And I've started a new knitting project that I'm pretty excited about. So every spare moment at home is spent on the couch with my pattern in my lap and the needles in my hands, little baggie full of stitch markers at my side. I never thought I would, but I've been sucked into the clapotis. Oh, for a better name. It really does sound like a disease. Or at the very least a Condition. One you don't talk about in public. But, it is pretty, and it's going pretty well so far. I restarted about four times, but haven't had to go back since then. (Touch wood! Now! I mean it!) I'm in the third section now, which is the straight section. It's also the section where you have to start deliberately dropping stitches and doing mysterious things to the strands hanging between the survivors. I was struck with terror at that point (I'm still such a newbie) and refused to go any further before checking on the Clapotis support group website for someone else freaking out about the same thing. I did manage to find someone else like me, clinging to the needles, project slung apparently haphazardly between them (but in actuality held in a death grip), trailing the ball and juggling markers while trying to do a web search while kicking the cat away from the yarn. I'm sure I'm not alone. So I did it, and it laddered down the way it's supposed to (I think) and all is well. I don't have any pictures yet of the straight section, but here's one of the increase section, taken while I was in Toledo.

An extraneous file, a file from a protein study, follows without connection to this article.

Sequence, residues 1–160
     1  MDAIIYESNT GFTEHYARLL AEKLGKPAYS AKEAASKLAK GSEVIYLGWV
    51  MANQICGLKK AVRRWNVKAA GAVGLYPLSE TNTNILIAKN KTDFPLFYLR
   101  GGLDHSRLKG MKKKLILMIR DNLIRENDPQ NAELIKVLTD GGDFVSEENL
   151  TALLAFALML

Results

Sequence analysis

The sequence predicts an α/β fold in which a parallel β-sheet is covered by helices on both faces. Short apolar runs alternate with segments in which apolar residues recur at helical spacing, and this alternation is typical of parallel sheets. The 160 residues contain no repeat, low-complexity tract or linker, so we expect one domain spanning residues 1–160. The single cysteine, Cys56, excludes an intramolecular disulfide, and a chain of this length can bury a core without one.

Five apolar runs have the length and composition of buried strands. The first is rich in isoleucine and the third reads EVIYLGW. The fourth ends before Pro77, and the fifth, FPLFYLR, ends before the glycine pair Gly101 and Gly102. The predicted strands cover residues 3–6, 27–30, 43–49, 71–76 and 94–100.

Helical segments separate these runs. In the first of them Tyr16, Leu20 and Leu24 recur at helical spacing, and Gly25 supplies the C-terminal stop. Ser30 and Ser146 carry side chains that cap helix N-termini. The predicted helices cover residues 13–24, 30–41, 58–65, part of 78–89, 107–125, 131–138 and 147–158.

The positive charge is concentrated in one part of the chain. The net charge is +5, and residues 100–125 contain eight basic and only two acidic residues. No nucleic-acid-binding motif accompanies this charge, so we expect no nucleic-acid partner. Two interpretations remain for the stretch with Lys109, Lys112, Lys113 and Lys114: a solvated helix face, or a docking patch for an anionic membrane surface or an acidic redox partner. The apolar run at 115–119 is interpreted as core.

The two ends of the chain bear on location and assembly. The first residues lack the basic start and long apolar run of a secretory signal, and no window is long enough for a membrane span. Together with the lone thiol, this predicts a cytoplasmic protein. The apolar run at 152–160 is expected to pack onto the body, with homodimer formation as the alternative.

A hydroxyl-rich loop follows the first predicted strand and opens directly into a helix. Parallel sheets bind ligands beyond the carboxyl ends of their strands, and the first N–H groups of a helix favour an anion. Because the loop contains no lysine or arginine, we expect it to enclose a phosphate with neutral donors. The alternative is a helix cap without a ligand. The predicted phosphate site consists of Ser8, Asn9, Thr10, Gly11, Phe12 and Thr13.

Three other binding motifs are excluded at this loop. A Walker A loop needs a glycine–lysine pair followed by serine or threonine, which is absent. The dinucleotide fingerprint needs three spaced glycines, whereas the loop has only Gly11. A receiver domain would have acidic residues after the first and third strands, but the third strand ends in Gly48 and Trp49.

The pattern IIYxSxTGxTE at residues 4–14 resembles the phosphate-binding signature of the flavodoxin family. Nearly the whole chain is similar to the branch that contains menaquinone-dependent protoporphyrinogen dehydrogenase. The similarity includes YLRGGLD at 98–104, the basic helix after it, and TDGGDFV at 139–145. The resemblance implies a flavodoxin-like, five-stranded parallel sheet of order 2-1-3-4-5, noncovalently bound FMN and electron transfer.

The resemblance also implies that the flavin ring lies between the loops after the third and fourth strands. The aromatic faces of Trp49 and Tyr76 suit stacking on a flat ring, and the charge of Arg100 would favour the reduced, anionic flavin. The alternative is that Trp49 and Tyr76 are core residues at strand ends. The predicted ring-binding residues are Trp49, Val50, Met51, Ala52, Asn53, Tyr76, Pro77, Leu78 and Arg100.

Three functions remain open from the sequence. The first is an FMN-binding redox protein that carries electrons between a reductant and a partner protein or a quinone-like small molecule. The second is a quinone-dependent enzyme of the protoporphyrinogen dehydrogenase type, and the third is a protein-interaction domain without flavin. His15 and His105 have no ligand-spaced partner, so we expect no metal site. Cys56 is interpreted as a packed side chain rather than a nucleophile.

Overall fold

Of course, I'm way too cheap (and broke) to splurge on the Lorna's Laces the pattern calls for ($30 a skein, and you need three or four of them), so I'm using an apple green and hot pink mercerized cotton that seems to be about the same weight, if not quite as beautiful and luxuriant. I love the colours, but I can already tell that this is going to be another thing that I and only I love. Like the time I painted my kitchen a vivid green, somewhere between apple and acid. I loved it. Most other people (with the sole exception of Jodi, love her) walked in and said, "Oh. You painted the kitchen. It certainly looks... fresh..."